Q: Can I keep progressive from cutting a total loss check to the but here pay here lender who has now sold the contract?
My sister bought a car at a buy here pay here lot in Waynesville, NC.
It was totaled on July 24th. Dealer notified who agreed to write off any amount owed as long as it was close to her payoff $3800. He then told Progressive her payoff was $4500.
Nevertheless, 8 days later a third party contractor called and said they were sold her contract. This was emailed to her and is higher than what she owed. This lady got her claims number and was unaware she was sold the note on a totaled car. Progressive told her to figure it out with the lender. The problem here is that the buy here lay here lender is still expecting payment of $4500 and this call was recorded. The other lender sent her the contact she was sold. Progressive doesn’t care who they pay. How does she report this lender/dealer? He appears to be maximizing his return fraudulently.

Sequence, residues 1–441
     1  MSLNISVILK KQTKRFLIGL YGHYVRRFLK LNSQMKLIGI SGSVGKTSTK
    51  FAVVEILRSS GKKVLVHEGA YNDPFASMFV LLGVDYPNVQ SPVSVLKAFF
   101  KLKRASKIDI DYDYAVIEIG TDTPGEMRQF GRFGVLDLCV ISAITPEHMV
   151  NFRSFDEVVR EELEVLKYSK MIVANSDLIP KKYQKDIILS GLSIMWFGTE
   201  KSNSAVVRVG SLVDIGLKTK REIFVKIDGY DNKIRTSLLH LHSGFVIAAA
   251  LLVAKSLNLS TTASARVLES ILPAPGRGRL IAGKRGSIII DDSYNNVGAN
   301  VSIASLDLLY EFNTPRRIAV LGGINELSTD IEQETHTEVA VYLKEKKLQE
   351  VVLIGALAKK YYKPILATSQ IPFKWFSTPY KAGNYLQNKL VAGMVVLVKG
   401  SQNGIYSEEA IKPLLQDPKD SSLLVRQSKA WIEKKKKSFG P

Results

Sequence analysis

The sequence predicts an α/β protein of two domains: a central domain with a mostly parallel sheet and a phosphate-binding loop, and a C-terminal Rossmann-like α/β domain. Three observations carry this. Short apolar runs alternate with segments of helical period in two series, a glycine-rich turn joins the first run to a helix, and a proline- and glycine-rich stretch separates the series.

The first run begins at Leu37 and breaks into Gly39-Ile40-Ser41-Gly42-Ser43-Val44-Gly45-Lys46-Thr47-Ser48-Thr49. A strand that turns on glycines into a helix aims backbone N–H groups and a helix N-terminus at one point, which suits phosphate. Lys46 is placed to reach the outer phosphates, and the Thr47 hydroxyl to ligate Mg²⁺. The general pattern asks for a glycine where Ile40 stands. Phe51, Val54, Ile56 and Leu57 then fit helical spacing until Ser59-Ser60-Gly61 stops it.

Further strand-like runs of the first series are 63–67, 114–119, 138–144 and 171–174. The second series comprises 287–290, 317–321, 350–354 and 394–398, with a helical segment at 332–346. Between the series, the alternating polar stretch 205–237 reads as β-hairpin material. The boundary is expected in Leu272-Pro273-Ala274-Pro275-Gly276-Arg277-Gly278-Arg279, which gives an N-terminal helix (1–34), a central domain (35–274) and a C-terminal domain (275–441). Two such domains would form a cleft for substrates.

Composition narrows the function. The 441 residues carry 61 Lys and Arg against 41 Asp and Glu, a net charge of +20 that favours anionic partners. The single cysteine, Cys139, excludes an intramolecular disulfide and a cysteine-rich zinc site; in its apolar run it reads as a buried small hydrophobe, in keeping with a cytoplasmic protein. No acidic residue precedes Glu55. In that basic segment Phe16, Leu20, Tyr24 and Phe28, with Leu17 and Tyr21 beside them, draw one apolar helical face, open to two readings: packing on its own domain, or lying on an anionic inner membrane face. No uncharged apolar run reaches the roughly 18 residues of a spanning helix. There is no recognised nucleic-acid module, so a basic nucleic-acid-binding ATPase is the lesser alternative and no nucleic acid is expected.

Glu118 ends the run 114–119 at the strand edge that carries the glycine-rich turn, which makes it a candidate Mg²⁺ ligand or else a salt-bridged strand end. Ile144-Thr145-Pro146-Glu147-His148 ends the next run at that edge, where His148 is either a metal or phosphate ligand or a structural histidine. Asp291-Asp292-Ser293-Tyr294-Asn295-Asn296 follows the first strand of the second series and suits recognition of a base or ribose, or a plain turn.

A: YOU can't do anything about this unless you have a power of attorney from your sister. Your sister needs to demand written proof from the third party finance company who claims they hold the contract, by getting their name, mailing address and loan number and mailing them a letter asking for the proof. She needs to send written notice to Progressive that another lender is claiming they were assigned the lien and request they hold payment until the true owner of the lien can be ascertained. She needs to give copies of both of those letters to the car dealer in question. If Progressive cuts the check payable to your sister and the car lot as lienholder they should mail it to her and she should hold the check pending resolution of the dispute. If it is true that the car dealer sold the note, the check needs to be returned and reissued to the correct lienholder and your sister needs to work things out with the new owner to pay the note off. I'm assuming the dealer "verbally" agreed to take $4,000.00. This agreement will be denied by the shady dealer and is likely unenforceable. Your sister should look elsewhere for a replacement vehicle, regardless if the dealer ends up holding the loan or not. She needs to be prepared to make any regular monthly payments that were due or are coming due to whoever it is that proves they hold the note in order to avoid further damage to what is probably already poor credit. She should refrain from financing vehicles through buy here pay here lots if at all possible in the future. This is not insurance fraud per se but if you have an issue with it report it to the North Carolina Attorney General's office and the North Carolina Department of Insurance.
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